What shall we say, then? That Gentiles who did not pursue righteousness have attained it, that is, a righteousness that is by faith; but that Israel who pursued a law that would lead to righteousness did not succeed in reaching that law. Why? Because they did not pursue it by faith, but as if it were based on works. They have stumbled over the stumbling stone, as it is written, “Behold, I am laying in Zion a stone of stumbling, and a rock of offense; and whoever believes in him will not be put to shame.”

Here is where Paul begins to conclude his argument from chapter 9 and begin his next argument in 10. 

God is Sovereign (9) and man is responsible for his choices (10)

Verse 30-33 lay out for us the reality of the hope of salvation and it’s relation to God’s people.

We see the puzzle develop in the minds of Pauls’ hearers:

How can the gentiles receive this mercy when they didn’t have any of the promises of God?

How can God be gracious to them and not to us?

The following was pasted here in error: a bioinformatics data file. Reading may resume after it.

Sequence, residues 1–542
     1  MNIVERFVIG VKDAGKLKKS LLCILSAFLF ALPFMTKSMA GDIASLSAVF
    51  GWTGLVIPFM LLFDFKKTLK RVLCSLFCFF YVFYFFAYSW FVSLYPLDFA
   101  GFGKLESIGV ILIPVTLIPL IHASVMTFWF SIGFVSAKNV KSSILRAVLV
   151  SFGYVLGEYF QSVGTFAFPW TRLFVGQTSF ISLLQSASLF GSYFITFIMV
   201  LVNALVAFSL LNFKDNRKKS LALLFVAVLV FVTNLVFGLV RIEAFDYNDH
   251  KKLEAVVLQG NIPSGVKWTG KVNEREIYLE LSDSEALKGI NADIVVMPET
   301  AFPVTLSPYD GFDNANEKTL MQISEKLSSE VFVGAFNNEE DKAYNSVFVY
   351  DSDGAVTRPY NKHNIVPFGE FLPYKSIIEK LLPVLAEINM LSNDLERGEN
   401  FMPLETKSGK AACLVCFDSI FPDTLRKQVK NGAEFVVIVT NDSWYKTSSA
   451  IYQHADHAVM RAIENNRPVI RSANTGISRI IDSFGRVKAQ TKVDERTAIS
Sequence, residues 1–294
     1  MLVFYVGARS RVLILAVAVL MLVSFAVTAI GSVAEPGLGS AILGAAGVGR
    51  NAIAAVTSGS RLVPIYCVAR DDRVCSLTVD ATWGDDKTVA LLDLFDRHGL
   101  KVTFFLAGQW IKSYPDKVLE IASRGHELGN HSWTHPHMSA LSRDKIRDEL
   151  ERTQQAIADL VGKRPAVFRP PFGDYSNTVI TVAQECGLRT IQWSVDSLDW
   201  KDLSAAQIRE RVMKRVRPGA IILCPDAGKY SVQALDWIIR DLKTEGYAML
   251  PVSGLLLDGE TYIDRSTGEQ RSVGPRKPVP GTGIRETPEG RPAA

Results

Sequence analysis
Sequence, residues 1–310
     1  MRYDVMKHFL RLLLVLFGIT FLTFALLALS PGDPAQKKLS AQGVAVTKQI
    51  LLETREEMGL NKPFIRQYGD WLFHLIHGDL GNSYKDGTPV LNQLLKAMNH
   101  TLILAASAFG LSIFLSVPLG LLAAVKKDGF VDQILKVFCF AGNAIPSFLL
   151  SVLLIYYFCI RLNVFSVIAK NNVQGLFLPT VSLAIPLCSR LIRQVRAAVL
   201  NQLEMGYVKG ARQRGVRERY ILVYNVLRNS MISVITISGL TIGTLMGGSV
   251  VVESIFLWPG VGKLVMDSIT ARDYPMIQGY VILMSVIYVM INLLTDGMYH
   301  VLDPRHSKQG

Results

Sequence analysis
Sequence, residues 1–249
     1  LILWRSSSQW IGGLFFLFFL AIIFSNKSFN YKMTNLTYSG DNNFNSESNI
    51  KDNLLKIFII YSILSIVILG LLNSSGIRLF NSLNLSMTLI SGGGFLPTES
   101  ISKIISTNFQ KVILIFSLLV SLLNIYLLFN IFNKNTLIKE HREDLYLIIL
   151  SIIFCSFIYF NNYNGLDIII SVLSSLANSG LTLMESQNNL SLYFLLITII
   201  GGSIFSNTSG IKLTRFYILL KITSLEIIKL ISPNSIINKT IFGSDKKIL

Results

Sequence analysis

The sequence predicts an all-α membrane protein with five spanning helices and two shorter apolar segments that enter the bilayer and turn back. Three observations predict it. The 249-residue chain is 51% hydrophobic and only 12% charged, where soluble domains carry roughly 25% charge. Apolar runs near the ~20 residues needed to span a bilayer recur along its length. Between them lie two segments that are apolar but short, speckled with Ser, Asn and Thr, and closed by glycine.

We deserve his Mercy! We did what we were suppose to do, they just lived in sin.

We may find it a bit silly to think of these things coming out of our mouth, but when we see people getting things we don’t think they deserve we tend to think this way often. Especially if it’s something we think we should get.

We don’t always in our sinfulness see the mercy of God on others as a good thing. Yet it is this very thing which we experience.

We see this in the parable of the Prodigal son: the Older brother is angry at the Father for His mercy, because he wanted it all for himself.

But God is not man, and his mercy is far greater than our own comprehension: So Paul again makes his argument from the book of Isaiah:

Isaiah 8:14 ESV

And he will become a sanctuary and a stone of offense and a rock of stumbling to both houses of Israel, a trap and a snare to the inhabitants of Jerusalem.